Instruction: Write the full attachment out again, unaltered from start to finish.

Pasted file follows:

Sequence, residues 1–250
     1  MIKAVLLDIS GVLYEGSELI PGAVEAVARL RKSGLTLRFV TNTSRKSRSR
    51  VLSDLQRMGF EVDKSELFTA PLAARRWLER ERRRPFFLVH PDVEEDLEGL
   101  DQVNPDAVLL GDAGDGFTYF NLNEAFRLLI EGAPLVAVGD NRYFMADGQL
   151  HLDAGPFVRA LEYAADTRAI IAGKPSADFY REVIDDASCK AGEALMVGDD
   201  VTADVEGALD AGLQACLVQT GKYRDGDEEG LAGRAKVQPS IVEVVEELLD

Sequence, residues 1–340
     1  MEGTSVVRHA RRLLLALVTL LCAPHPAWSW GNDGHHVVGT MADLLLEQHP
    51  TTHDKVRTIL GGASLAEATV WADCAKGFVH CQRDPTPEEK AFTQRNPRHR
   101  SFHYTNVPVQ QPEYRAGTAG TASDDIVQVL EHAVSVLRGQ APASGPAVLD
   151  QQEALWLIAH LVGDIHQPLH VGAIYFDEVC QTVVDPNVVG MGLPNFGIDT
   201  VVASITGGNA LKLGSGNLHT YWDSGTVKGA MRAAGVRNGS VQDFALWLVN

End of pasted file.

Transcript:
Sequence, residues 1–250
     1  MIKAVLLDIS GVLYEGSELI PGAVEAVARL RKSGLTLRFV TNTSRKSRSR
    51  VLSDLQRMGF EVDKSELFTA PLAARRWLER ERRRPFFLVH PDVEEDLEGL
   101  DQVNPDAVLL GDAGDGFTYF NLNEAFRLLI EGAPLVAVGD NRYFMADGQL
   151  HLDAGPFVRA LEYAADTRAI IAGKPSADFY REVIDDASCK AGEALMVGDD
   201  VTADVEGALD AGLQACLVQT GKYRDGDEEG LAGRAKVQPS IVEVVEELLD

Sequence, residues 1–340
     1  MEGTSVVRHA RRLLLALVTL LCAPHPAWSW GNDGHHVVGT MADLLLEQHP
    51  TTHDKVRTIL GGASLAEATV WADCAKGFVH CQRDPTPEEK AFTQRNPRHR
   101  SFHYTNVPVQ QPEYRAGTAG TASDDIVQVL EHAVSVLRGQ APASGPAVLD
   151  QQEALWLIAH LVGDIHQPLH VGAIYFDEVC QTVVDPNVVG MGLPNFGIDT
   201  VVASITGGNA LKLGSGNLHT YWDSGTVKGA MRAAGVRNGS VQDFALWLVN